Anita Paciotti on Dances at a Gathering

Ballet Master and Principal Character Dancer Anita Paciotti studied at the SF Ballet School and joined the Company in 1968. She became a rehearsal assistant in 1982, and Artistic Director & Principal Choreographer Helgi Tomasson appointed Paciotti principal character dancer in 1987. Four years later, she was promoted to ballet master and is currently responsible for staging and rehearsing Jerome Robbins’ Dances at a Gathering.

Dances at a Gathering is about our life as dancers. It’s not set in a mystical space. It takes place on stage, in that moment. The ballet opens with the Brown Boy. He enters looking around the stage, at his surroundings, as if he’s returning to the theater. He starts dancing slowly, almost as if he’s remembering what he’s done many times. The steps become more youthful as the piece progresses, and he’s bouncing around like a faun by the end of that section. This role was originally danced by Edward Villella, and later by Helgi.

It’s important to know that Robbins had been away from New York City Ballet (NYCB) for 10 years before he created Dances at a Gathering. He had been working on Broadway and in theater at that time. Robbins was very serious about acting and theater—not just musical theater. He was most focused on getting the real and raw emotions out of people. I recently read that a dancer who worked with him noted he rarely corrected her on a technical aspect of a step. He was most interested in the intentions behind the movements.

San Francisco Ballet in Robbins' Dances at a Gathering. (© Erik Tomasson)

San Francisco Ballet in Robbins’ Dances at a Gathering.
(© Erik Tomasson)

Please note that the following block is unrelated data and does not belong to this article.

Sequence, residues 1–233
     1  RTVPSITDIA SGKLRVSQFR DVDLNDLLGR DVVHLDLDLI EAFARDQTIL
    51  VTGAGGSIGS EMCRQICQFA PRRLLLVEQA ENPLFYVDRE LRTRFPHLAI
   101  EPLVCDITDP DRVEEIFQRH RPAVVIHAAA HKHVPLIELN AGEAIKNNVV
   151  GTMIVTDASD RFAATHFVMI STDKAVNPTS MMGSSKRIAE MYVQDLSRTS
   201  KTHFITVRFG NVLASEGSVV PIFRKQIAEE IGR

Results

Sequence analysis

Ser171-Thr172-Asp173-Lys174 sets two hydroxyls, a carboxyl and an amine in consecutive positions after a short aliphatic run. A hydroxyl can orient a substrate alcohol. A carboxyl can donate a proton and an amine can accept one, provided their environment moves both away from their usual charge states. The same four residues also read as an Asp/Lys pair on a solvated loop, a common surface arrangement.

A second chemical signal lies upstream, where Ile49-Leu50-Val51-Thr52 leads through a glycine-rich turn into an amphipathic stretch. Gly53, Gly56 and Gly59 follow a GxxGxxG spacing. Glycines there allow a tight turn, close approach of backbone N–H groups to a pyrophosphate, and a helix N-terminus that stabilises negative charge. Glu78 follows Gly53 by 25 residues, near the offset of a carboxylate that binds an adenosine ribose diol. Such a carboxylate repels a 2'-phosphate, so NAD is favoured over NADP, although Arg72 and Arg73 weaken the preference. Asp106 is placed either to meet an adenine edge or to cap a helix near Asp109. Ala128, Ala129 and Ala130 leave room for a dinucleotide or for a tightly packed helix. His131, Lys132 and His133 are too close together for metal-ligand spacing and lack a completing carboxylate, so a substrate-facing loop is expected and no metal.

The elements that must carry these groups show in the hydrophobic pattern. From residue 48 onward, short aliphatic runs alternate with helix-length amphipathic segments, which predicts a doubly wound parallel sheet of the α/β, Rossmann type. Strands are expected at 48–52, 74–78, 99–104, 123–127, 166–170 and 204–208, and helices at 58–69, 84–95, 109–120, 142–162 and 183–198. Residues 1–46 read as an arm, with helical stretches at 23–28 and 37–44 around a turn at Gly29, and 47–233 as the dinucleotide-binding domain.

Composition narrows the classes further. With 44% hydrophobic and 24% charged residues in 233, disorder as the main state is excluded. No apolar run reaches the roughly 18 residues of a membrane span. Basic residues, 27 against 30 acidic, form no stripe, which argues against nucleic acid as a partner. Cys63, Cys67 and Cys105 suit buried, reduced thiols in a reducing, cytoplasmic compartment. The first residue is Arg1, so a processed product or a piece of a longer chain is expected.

When Robbins returned to NYCB after a long time spent on Broadway, he came back with this ballet. He chose a cast of very established stars, including Violette Verdy, Allegra Kent, Edward Villella, and Patricia McBride, among others, but he didn’t showcase them as glittery stars. Perhaps Robbins was seeing these dancers with fresh eyes. He intended to make this a ballet about humans and human interactions, and present them as people.

Helgi and Robbins worked together extensively at NYCB. Now in rehearsal, Helgi imparts what he remembers from working with Robbins on Dances at a Gathering. His memories help us understand Robbins’ original intentions for the ballet.

The Music & The Mood
Set to a series of pieces by Frédéric Chopin played by a single pianist, Dances at a Gathering is utterly musical. To me, it looks as if the music was written for the steps.

I don’t know how Robbins compiled the different pieces of music, but he created a symphony with what he pieced together. From the slow, thoughtful, and reflective opening, it moves through a variety of emotions and moods. It’s incredibly well-balanced.

How he grouped the music is very entertaining. After the dramatic scherzo section, the ballet ends with the dancers simply walking around the stage. In a very dramatic statement, he has them stop and look out at the audience. As well as creating a very powerful moment, he also offers the audience the chance to just listen to the beautiful music. It’s a quiet and reflective moment of the ballet, one that an audience doesn’t quickly forget.

San Francisco Ballet in Robbins' Dances at a Gathering. (© Erik Tomasson)

San Francisco Ballet in Robbins’ Dances at a Gathering.
(© Erik Tomasson)

A Timeless Masterpiece
What makes Dances at a Gathering so interesting year after year, and what really makes it work onstage, is how the dancers relate to one another. Unlike most ballets where the man is always standing behind the woman partnering her, Dances at a Gathering is choreographed so the dancers have very human interactions where they have the opportunity to look into each others eyes, or offer a hand.

In real life, the dancers really depend on each other. They need patience and cooperation in order to support one another in their work in the rehearsal studio. The camaraderie is very clear, both in the studio and backstage. You don’t necessarily see this from the audience, but in this ballet they bring this humanity to the stage. It’s very special to see.

Advice for the Audience
Be aware of the importance of the music, and appreciate what the pianist is playing and listen to how well-crafted each section is. Also, look for the human interactions between the dancers. Everyone is so well-suited for their intended part, and the groups really work so well together as a whole.

I encourage the audience to relax and go with the flow.

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